We want all our customers to benefit from the extra security in Heads so we intend to include it by default in all of our laptops in the future. For that to work though, Heads needs to be accessible for people of all experience levels. Most users don’t want to drop to a recovery shell with an odd error message so they can type some commands if they happen to update their BIOS, and they don’t want to be locked out of their system if they forgot to update their file signatures in /boot after a kernel update.

When we announced that we were partnering with Trammell Hudson to use Heads on our laptops, we didn’t just mean “thanks for the Free Software, see you later!” Instead, we are putting our own internal engineering efforts to the task of not just porting Heads to our hardware, but also improving it–and sharing those improvements upstream.

The Delicious GUI Center

The first of our improvements is focused on making the boot screen more accessible. We started by added whiptail (software that lets you display GUI menus in a console) to Heads so that we can display a boot menu that more closely resembles GRUB. We then duplicated the features of the existing Heads boot menu so that instead of this:

Heads booting on a Librem 13v2
Heads booting on a Librem 13v2

you now see this:

Initial Heads GUI Menu
Initial Heads GUI Menu

If you hit enter, you boot straight into your OS just like with GRUB, only behind the scenes Heads is checking all the files in /boot for tampering. If you hadn’t already configured a default boot option, instead of dumping you back to a main menu with no explanation or existing out to a shell, we decided to provide a GUI so you can decide what to do next:

No Default Boot Set
No Default Boot Set

If you decide to load a menu of boot options from the main menu or from this dialog, we also wrapped a GUI around the Heads boot menu that parses your GRUB config file:

Heads Boot Selection Menu
Heads Boot Selection Menu

In each of the most common workflows, we’ve replaced the console output with an easier-to-use menu that also provides a bit more explanation on what’s happening if something goes wrong. For the most part the average user will just verify the TOTP code and then hit Enter to boot their system so in that way it’s not much different from a standard GRUB boot screen. These extra menus come in only if the user ever needs to deviate from the default and select a different kernel, generate a new TOTP code, or do other maintenance within Heads.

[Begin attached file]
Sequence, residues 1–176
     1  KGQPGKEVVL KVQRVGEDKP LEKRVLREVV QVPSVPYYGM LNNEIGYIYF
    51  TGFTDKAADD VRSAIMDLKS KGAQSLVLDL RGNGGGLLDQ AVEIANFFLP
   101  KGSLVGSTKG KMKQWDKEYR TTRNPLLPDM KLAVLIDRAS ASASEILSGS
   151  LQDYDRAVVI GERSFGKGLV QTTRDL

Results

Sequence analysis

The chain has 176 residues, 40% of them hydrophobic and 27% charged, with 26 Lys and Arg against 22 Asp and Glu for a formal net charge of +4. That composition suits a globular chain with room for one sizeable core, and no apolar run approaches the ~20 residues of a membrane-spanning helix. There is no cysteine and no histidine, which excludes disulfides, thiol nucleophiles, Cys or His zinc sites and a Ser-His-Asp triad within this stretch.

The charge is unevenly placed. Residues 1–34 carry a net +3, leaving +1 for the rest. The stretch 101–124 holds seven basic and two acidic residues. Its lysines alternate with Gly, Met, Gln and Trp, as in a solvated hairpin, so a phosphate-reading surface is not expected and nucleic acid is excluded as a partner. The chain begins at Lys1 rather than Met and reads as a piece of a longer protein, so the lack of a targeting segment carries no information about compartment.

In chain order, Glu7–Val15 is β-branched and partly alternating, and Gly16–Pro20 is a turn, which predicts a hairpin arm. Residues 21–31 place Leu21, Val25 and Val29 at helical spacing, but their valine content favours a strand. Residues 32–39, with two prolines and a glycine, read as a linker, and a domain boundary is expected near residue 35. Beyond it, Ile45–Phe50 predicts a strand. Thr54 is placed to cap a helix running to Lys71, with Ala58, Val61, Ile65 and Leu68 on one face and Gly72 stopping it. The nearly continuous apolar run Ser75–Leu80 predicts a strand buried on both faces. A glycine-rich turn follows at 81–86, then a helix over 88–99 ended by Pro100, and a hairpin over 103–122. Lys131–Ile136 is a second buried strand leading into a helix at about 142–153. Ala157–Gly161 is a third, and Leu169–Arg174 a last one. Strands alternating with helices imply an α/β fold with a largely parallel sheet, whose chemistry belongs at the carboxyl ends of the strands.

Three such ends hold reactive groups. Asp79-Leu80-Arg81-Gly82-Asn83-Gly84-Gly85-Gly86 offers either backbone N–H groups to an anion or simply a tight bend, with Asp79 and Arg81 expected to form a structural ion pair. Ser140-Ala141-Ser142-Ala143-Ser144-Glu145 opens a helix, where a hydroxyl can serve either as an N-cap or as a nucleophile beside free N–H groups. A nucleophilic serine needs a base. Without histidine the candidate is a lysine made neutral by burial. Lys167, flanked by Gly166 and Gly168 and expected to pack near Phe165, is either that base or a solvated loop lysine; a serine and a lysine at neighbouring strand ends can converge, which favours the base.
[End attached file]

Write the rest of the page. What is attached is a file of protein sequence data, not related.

What’s Next

We now have these GUI menus working well in our internal Heads prototypes and we’ve also pushed our changes upstream, where most of them have already been pulled into the Heads project. That said, having a GUI boot menu is only part of what you need to make tamper-evident boot usable. Now that the boot menu is in a good place, our next focus is on making the overall Heads bootstrap and update process, key management, and signature generation easy (if only we had a GPG expert to help us with smart card integration, that would sure make things easier). Keep an eye out for more updates along all these lines soon.

 

Purism Integrates Trammel Hudson’s Heads security firmware with Trusted Platform Module, giving full control and digital privacy to laptop users

Librem devices add tamper-evident features to further protect users from cybersecurity threats by offering users the full control that no mainstream computer manufacturer ever has before

SAN FRANCISCO, Calif., February 27, 2018 — Purism, maker of security-focused laptops has announced today that they have successfully tested integration of Trammel Hudson’s Heads security firmware into their Trusted Platform Module (TPM)-enabled coreboot-running Librem laptops. This integration allows Librem laptop users to freely inspect the code, build and install it (and customize it) themselves, and own control of the secure boot process as Heads uses the TPM on the system to provide tamper-evidence. Read more